Use and Management
Schefflera may thrive in either full sun or moderate shade on a range of well-drained soils, but it must have full sun to bloom. Rich, wet soil in a place with full sun is ideal for a tree’s optimal growth. However, if allowed adequate overhead area to expand, plants will require very little trimming. This easily-grown tree has high leaf drop, which makes for a grueling chore. To produce multi-level masses of foliage, trees may be topped as desired. Since the lower parts of the trunks gradually lose all of their leaves, this can be a good situation. The tree is occasionally mishandled by being planted too close to a building, although this happens far too frequently. It has become a native plant in some areas of south Florida and is now listed as an alien pest plant.
How to Grow and Take Care of Umbrella Plants
This plant can easily grow to be among your home’s tallest plants if given the right care. Within one growing season, you could have a very tall plant due to how quickly it grows. Although umbrella plants thrive in bright, indirect light, they can usually take direct indoor light; in medium to low light, however, they will just grow more slowly and become lanky. In general, humidity is not a problem, but if the air is excessively dry, plants may be more vulnerable to pests like scale and spider mites.
The ideal temperature range for umbrella plants inside is 55°F to 75°F (13°C to 24°C). USDA zones 10-11 allow for year-round outdoor cultivation. Check local regulations before planting outside as the aggressively growing Schefflera actinophylla is regarded as an invasive species in Florida and Hawaii.
Care and Planting
Like the majority of houseplants, umbrella plants require proper drainage to prevent death by root rot from excessive moisture in the soil. Plant in a drainage-hole-equipped container with a peat-moss-based potting mix, if possible. Repot in the spring every year.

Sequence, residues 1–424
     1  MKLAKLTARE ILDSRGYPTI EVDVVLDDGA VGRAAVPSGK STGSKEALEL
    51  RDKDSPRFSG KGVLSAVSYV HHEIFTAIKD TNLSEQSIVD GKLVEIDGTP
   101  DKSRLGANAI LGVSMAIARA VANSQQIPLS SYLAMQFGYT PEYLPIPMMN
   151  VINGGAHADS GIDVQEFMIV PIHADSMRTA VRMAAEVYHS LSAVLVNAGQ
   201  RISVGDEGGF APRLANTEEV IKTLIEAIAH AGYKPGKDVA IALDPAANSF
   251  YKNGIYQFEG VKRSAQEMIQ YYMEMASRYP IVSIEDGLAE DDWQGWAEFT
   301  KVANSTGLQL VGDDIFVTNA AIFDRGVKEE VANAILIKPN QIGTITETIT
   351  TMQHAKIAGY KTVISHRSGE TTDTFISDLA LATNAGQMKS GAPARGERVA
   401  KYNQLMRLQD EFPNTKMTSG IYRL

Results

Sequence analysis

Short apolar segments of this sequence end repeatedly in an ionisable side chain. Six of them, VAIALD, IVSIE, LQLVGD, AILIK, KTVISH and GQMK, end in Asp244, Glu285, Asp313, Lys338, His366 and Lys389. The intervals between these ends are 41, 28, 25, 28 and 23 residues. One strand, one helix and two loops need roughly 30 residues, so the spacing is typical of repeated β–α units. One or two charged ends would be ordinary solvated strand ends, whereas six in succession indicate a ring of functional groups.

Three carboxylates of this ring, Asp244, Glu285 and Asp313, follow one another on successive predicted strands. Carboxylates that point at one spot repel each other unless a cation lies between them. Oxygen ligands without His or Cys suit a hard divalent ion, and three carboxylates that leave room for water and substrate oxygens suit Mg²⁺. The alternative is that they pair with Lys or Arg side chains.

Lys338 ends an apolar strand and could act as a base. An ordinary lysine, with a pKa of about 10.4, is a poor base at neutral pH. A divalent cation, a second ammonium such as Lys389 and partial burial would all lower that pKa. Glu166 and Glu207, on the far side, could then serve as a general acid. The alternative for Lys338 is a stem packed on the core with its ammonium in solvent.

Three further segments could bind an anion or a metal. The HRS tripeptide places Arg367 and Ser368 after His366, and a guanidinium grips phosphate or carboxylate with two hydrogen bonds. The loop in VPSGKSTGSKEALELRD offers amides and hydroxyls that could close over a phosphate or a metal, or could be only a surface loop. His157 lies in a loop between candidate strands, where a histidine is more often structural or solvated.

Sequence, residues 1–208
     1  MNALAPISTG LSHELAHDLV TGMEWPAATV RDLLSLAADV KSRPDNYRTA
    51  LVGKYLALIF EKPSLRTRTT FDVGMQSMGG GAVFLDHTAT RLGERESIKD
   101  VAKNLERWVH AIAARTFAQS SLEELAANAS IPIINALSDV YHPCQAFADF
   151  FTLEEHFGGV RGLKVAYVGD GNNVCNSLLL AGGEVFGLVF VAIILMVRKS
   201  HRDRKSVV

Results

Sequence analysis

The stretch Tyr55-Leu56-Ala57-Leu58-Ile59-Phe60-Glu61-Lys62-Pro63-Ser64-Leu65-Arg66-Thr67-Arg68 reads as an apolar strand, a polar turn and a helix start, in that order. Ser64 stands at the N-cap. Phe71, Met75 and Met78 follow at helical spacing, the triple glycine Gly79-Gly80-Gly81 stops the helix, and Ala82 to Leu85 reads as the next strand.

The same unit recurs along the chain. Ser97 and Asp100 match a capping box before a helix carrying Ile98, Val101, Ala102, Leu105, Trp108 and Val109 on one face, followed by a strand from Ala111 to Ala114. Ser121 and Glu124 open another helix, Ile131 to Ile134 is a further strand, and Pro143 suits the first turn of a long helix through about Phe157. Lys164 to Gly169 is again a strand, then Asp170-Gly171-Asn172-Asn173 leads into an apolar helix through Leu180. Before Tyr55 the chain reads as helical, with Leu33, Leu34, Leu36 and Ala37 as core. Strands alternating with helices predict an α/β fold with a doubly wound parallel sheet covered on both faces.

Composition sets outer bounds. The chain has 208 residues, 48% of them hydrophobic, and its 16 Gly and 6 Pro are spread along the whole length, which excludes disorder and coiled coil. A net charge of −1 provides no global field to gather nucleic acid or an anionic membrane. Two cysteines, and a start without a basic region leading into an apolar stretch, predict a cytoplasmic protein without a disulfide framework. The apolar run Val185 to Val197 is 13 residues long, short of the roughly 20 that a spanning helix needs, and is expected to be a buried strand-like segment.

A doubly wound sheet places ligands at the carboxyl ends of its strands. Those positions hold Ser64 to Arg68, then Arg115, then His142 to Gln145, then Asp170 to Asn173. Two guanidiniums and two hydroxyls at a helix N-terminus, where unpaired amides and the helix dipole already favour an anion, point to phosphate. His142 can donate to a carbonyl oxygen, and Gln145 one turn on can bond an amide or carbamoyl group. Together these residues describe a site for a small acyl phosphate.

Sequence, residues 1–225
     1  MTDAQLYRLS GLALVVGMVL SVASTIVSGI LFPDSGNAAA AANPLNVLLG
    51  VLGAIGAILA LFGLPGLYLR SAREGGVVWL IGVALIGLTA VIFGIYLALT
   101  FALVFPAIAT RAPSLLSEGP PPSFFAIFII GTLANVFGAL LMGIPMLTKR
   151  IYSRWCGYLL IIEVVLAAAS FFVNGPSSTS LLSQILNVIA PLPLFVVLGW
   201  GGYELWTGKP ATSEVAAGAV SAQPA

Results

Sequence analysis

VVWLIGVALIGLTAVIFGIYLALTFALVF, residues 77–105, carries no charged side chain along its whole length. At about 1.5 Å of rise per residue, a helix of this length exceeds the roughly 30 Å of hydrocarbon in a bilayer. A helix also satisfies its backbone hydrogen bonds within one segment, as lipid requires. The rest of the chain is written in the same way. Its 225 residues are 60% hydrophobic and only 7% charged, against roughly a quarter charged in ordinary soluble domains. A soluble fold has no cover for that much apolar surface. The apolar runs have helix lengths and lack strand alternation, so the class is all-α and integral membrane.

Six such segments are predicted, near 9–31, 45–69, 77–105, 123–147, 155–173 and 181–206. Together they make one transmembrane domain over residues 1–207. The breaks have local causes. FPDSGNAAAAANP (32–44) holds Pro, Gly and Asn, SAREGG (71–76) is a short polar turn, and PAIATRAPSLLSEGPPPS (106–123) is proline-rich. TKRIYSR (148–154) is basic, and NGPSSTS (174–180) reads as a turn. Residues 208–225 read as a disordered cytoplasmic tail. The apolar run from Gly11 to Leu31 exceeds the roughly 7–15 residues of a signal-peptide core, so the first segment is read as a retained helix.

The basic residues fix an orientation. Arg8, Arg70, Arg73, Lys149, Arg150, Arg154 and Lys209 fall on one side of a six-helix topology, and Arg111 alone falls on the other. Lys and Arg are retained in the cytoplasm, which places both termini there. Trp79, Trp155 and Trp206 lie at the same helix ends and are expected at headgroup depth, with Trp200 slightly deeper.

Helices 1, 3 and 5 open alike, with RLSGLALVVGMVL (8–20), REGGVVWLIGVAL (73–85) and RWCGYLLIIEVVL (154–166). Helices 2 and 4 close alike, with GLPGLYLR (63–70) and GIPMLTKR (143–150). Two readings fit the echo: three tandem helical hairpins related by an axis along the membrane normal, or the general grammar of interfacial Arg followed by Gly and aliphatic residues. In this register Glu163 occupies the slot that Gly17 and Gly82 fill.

When the potting mix’s top dries up, water thoroughly, wait for the soil to dry, then water once more. In terms of watering, umbrella plants are adaptable, however, they are more tolerant to dry soil than excessive moisture. After watering, empty the drainage saucer since they dislike having wet feet.
Although umbrella plants don’t require regular fertilizer, you can feed your plant a basic, diluted plant fertilizer once a month in the summer to encourage faster development. Wipe the leaves down with a moist cloth or sponge to keep them free of dust.
Scheffleras that become overgrown or lanky can be cut back. To promote a fuller, bushier plant, pinch growth tips.
Don’t expect flowers indoors; outdoor plants may even bloom in warm, humid climates.
How to Propagate
Cut a stem close to the plant’s base with clean shears to propagate it. Place the end in a small container of potting soil after dipping it in the rooting hormone. Place water in indirect, bright light. Maintaining the pot at warm temperatures, between 65°F and 75°F (18°C and 24°C), as well as maintaining humidity will assist speed up rooting. Additionally, some people claim that rooting stems in water before planting them in soil works well.
Since these plants develop so quickly, you’ll likely need to prune the plant to keep it in the desired form and size. Even if you prune an umbrella plant severely and remove a significant portion of the plant, it will swiftly recover and come back fuller than it did before. This is an excellent method for making a sluggish plant lusher and more attractive.Every three to four years after reaching maturity, an umbrella plant will require repotting. It’s time to repot when the roots begin to extend through the drainage holes in the pot. Because of this plant’s height, a rather large pot should be used, and Umbrella plants should always be repotted in the spring.
You can propagate a plant by taking cuttings from an established one. To aid in the new growth’s germination, these cuttings ought to be at least two inches long. Ensure that the developing plant’s tip is not buried in the ground. If the cuttings don’t take, you can alternatively cultivate these plants from seeds.
Frequently Asked Questions
Question: Is Schefflera a good indoor plant?
Question: Does Schefflera like sun or shade?
Ans: with partial to full shade or even full sun
Question: How long does an umbrella plant live?
Ans: They live between 20 and 25 years,
Question: How big do Schefflera plants get?
Ans: They grow to 8 feet or more in height.
Question: Does Schefflera clean the air?
Question: Are Schefflera plants easy to care for?
Question: Is Schefflera Poisoning to the cat?
Question: Is Schefflera Poisoning to Humans?
Question: Is Schefflera Poisoning to Dogs?